Madhan Selvaraj (he/him) brings over 10 years of experience in the arts and culture sector as an arts administrator. He is a pioneer in the local arts scene and is the Founder and Executive Director of Edmonton Movie Club and India Film Festival of Alberta with the mandate to bridge cultures through cinema. He is currently directing a documentary titled “OH Canada” to address racism and systematic bias.
Maigan van der Giessen (she/her) is a poet, vocalist, visual artist, organizer, mother and human rights advocate working within Edmonton-amiskwaciwaskahikan’s diverse creative communities since 2003. Under the moniker Tzadeka, Maigan has released five solo albums and is recognized as a local hip hop pioneer, youth mentor and community builder. Tzadeka’s music is unpredictable, clever and magnetic; Female-fronted, experimental-prairie-hip hop.
Makram Ayache (he/him) is a community-engaged artist and educator. His playwriting explores representations of queer Arab voices and aims to bridge interlocking political struggles to the intimate experiences of the people impacted by them. Ayache is the 2020 PGC Tom Hendry recipient for “Harun” and the 2021 runner up of the Wildfire Playwriting Contest for his play “The Hooves Belonged to the Deer.”
Melissa-Jo Belcourt (MJ) (she/her) comes from a rich Métis ancestry and possesses a wealth of cultural skills, acquired from Métis and First Nation Elders and Knowledge Holders throughout northern and central Alberta. Her passion lies in her cultural heritage where she continues to research to find better understanding of her ancestral legacy. Additionally, MJ is a certified Native Cultural Art instructor, and most recently worked as Indigenous Art Consultant for Fort Edmonton Park and Indigenous Curator for the Edmonton Public Library. In 2019, MJ served as an Indigenous Artist in Residency with the City of Edmonton.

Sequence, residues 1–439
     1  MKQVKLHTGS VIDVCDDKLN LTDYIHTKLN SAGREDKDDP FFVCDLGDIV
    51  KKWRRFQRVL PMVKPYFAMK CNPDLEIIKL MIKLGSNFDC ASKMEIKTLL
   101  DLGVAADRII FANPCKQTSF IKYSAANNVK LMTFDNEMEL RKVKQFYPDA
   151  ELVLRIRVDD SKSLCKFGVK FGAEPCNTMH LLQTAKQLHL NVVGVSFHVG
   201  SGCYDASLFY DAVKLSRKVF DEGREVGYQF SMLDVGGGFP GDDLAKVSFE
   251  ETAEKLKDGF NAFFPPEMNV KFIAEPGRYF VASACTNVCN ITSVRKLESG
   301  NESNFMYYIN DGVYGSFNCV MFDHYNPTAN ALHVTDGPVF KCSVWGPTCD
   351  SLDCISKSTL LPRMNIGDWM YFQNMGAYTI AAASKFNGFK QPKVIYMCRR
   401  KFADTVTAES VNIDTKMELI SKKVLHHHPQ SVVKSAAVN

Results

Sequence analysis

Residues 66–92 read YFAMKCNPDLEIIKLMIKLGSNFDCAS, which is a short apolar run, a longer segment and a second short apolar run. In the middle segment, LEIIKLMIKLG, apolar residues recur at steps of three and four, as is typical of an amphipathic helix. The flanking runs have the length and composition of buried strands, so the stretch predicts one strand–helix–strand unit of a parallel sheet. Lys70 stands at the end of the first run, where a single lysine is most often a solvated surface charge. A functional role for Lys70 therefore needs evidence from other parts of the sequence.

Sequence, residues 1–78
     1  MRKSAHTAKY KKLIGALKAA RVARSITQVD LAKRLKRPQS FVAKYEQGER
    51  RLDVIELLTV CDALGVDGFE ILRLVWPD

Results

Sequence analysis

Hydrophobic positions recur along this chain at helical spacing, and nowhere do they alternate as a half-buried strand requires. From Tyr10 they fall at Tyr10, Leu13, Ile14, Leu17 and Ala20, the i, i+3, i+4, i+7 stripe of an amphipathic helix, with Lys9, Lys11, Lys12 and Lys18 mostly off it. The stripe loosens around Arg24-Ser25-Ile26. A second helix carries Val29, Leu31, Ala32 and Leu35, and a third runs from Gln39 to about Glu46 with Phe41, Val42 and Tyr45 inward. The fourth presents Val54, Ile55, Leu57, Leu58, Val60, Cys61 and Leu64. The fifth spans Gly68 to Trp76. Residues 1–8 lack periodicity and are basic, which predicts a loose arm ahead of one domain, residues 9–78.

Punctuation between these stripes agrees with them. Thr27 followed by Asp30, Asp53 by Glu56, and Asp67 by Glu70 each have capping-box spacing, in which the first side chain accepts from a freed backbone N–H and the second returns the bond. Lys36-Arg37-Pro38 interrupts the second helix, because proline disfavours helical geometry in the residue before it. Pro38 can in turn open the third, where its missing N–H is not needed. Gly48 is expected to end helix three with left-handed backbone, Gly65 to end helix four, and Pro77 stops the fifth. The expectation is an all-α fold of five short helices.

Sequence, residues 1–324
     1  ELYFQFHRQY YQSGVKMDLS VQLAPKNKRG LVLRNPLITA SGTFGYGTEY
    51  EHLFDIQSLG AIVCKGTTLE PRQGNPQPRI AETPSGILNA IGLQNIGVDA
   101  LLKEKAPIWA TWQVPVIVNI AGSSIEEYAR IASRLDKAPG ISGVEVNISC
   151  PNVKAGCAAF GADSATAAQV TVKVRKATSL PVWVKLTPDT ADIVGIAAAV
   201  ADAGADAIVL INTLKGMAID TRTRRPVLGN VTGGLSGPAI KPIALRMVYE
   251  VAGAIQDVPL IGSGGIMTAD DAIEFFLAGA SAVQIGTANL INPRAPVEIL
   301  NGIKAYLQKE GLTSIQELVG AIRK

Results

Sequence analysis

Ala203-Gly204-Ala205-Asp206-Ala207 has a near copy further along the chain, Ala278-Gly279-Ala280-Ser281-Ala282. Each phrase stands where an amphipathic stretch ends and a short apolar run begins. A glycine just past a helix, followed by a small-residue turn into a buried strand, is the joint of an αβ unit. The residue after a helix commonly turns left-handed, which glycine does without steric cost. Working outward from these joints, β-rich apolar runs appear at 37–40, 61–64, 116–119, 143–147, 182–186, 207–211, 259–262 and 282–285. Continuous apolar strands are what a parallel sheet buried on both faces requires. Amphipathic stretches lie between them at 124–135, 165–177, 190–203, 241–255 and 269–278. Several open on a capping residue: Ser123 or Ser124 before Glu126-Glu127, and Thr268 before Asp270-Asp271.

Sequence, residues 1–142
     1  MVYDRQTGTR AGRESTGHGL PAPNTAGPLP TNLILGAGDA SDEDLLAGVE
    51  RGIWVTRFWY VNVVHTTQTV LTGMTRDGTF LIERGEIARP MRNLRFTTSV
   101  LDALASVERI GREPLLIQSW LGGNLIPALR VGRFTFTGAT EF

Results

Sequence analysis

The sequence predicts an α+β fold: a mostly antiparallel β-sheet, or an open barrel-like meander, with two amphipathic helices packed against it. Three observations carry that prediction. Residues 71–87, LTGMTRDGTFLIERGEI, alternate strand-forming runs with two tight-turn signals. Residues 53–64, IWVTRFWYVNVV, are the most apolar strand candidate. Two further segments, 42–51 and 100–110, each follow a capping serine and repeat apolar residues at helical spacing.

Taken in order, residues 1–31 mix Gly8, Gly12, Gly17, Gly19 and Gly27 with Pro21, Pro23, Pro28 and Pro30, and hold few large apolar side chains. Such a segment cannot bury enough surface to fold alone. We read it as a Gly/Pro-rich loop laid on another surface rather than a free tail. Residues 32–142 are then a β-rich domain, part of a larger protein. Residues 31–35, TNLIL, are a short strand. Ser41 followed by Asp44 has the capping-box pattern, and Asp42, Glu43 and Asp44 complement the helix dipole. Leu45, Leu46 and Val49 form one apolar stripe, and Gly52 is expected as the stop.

Nasra Adem (they/them) is a queer Oromo/Somali multidisciplinary artist. They are the founder of Black Arts Matter and a former Youth Poet Laureate of Edmonton. Their latest work includes their EP “Salve”, a unique blend of herbal medicine, genre bending poetics and bass driven sound. And DNAPLAY; a veneration of Black queer routine as ritual through storytelling, film, movement and music premiering February 2022. No matter the form it takes NASRA’s he(art)work continuously centers the joy, autonomy and freedom of Black/Indigenous Peoples everywhere.
Natahna Bargen-Lema (she/her) is a queer writer, graphic designer, and the co-founder of the women-run, digitally focused publishing house, Party Trick Press. She is passionate about revolutionizing the eLiterature experience by centering unique perspectives in fresh and surprising ways. Natahna has been published in a variety of outlets, including The Financial Diet, Metatron, Soft Magazine, Hello America Stereo Cassette, and Alberta Views. She is also the author and co-author of the poetry collections Modern Madonna and Prairie Girl Collective, respectively.